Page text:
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green fresh garbanzos--what to do with?

we have a seller locally, but his English and my Spanish are not good enough for me to understand how these are traditionally used.

can you help?

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  1. Wow, you're so lucky, I've only had them frozen. I would treat them like edamame or english pea pods. ie, boil whole (w/ shells) for a snack, or shell them then use in recipes. Googling around I found a few recipes but since this is general I'll keep it general. I'd love it if my area's farmers markets started selling these, I like them better than favas (less work) or peas (more flavor).

    1. Here you go to get started ... on Home Cooking

      A report on a local Bay Area fresh garbanozo vendor for those in that area who are interested. He sells through about September.

      The only thing to note is they dry quickly. So if you shell and put in tupperware to eat like edame ... eat within about 3-4 days.

      1. We just noticed them in our local Santa Monica Farmers' Market this past Saturday.

        1. I've thrown them in a tinfoil packet on the grill, still in the shells, and used them in panzanella. I've also sauteed them and used them in succotash salads and other mixed veggie dishes. I have a bunch of pictures of how to prep/use them here:

          3 Replies
          1. re: eriny

            Did you ever make the fresh hummus with them? I have been contemplating purchasing a large bunch of them but haven't taken the plunge yet.

            1. re: joshekg

              We made hummus out of them last saturday, it was great! It was a bit more "fresh" tasting.

              1. re: joshekg

                I can only recommend if you make the fresh hummus that you buy them shelled.

            2. Well, the ones I have access to are frozen green garbanzos (not fresh, alas!), but I think uses would be similar. I use them interchangably with green peas in many dishes, like a fresh spring risotto; tossed with pasta, fresh tomatoes, pancetta, and herbs of your choice; mixed with ground lamb, ras-el-hanout, pasley, and lemon over cous-cous; etc. They are great in mediterranean-influenced dishes, like tagines, etc.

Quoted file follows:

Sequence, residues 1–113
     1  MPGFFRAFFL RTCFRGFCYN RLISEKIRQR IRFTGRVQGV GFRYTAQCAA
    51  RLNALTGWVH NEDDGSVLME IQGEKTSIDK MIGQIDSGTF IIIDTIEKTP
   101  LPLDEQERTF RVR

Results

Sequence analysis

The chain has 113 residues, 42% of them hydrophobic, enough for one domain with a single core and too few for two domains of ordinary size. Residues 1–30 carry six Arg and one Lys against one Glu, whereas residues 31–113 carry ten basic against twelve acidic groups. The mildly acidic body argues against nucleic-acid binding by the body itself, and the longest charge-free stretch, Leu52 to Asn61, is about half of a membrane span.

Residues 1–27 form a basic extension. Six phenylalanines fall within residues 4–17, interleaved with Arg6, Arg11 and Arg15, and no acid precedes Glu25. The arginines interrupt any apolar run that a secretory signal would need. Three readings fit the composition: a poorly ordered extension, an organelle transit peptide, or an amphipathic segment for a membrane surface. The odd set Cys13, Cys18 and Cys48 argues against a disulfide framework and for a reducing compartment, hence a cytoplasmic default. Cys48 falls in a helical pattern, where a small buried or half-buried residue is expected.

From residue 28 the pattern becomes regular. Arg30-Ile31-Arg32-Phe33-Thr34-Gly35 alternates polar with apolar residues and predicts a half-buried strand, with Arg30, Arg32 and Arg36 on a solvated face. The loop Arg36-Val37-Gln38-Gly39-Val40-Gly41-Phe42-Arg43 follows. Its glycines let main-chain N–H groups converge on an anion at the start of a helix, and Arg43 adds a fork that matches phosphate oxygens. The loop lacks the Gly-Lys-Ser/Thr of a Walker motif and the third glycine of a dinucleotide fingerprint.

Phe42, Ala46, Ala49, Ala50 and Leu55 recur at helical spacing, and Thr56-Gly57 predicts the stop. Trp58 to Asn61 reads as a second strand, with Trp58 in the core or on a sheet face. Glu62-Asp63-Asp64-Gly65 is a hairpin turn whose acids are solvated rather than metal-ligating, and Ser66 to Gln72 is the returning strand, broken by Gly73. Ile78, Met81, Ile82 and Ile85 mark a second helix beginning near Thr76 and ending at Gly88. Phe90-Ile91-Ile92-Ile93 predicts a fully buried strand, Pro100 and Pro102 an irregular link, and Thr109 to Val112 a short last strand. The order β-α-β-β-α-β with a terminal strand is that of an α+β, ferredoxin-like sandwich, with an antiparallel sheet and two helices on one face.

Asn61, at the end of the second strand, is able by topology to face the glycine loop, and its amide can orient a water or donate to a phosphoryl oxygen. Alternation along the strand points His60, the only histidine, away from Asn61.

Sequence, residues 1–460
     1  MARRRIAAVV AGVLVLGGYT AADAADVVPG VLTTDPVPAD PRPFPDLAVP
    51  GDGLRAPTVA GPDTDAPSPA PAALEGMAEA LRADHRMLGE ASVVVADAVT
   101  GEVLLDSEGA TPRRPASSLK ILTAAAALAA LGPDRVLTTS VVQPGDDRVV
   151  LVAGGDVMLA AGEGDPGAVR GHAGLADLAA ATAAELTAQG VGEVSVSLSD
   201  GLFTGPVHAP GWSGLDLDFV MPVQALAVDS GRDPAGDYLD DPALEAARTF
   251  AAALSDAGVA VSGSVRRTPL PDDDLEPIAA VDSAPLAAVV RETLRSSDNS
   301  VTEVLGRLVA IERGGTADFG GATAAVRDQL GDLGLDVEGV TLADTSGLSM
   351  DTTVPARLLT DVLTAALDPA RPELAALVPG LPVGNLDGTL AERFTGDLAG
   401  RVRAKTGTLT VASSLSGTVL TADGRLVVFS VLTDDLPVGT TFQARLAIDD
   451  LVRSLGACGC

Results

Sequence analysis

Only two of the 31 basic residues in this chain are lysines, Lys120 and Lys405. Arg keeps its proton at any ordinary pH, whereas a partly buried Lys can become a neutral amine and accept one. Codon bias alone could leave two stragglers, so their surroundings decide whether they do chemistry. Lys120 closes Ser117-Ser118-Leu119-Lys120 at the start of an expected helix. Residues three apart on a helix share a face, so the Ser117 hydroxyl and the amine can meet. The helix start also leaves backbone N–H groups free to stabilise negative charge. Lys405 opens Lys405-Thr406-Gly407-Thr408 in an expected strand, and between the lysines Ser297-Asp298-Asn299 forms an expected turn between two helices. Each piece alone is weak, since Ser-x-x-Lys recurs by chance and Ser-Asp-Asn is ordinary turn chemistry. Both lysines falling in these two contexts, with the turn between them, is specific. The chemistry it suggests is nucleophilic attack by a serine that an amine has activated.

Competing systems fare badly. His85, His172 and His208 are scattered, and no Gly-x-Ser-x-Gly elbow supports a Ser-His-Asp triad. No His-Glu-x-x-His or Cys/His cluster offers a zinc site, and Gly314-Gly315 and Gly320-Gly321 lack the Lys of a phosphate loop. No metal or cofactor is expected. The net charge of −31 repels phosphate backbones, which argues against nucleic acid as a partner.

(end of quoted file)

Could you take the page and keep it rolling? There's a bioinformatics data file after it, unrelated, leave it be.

Really, they're pretty great in everything. I'm jealous you can get 'em fresh!

              1. Melanie Wong spotted a truck in Salinas. For anyone who might not have seen the bushy branches of fresh garbanzos, here's a great picture

                If you are ever in Salinas, in season

                1 Reply
                1. re: rworange

                  Thanks for sharing the photo link, RW. Now I know what they look like! :-)

                2. Ah fresh garbanzos! Edamame like treatment is good. They are also very traditional in White Lamb Barbacoa (that is Barbacoa without the spicy dried chile based marinade)... as the Lamb cooks slowly the drippings are caught in a pan... to this you add carrots & celery, two whole scored chipotles adobados, water & salt to taste.... add the garbanzos with a few minutes to go... squeeze of lime to focus the flavors & voila.

                  1. I love them
                    1. parboiled for 30 seconds
                    2. Squeezed out of their shells,
                    3. sauteed in olive oil, salt and garlic.

                    Oh my!

                      1. re: BamiaWruz

                        BamiaWruz -- Do you snack on them raw, as is, just from their pod?
                        I see them now at Super King in Altadena.

                        1. re: liu

                          Yes, this is how I was taught to eat them in Iraq when I was growing up. I'm pretty sure some people stewed them briefly in tomato sauce too but it was mostly snack food.

                          I spent hours eating them.

                          1. re: BamiaWruz

                            I'm going to give them a try...thanks, BamiaWruz!

                            1. re: liu

                              You're welcome, hope you like it. They don't have a strong flavour. My mother never heard of them and so when I showed her she was surprised that chickpeas can be eaten fresh because unfamiliar to a lot of people. I used to grow chickpea plants for science class, it works well in hot countries but last year I also tried it in Canada and the plant didn't do too well. I'm going to try more this year.

                              1. re: BamiaWruz

                                It's all very interesting!
                                I don't know much past hummus and the ones-in-the-can about chick peas.
                                Do you know how long the fresh season will last? I see them in the market now...for how long?

                                1. re: liu

                                  Don't know where you are but in the SF Bay Area the season is spring through the end of summer.

                                  1. re: rworange

                                    Hi, rworange!
                                    Thank you! I'm in SoCal...I'd love to try them just out of the pod.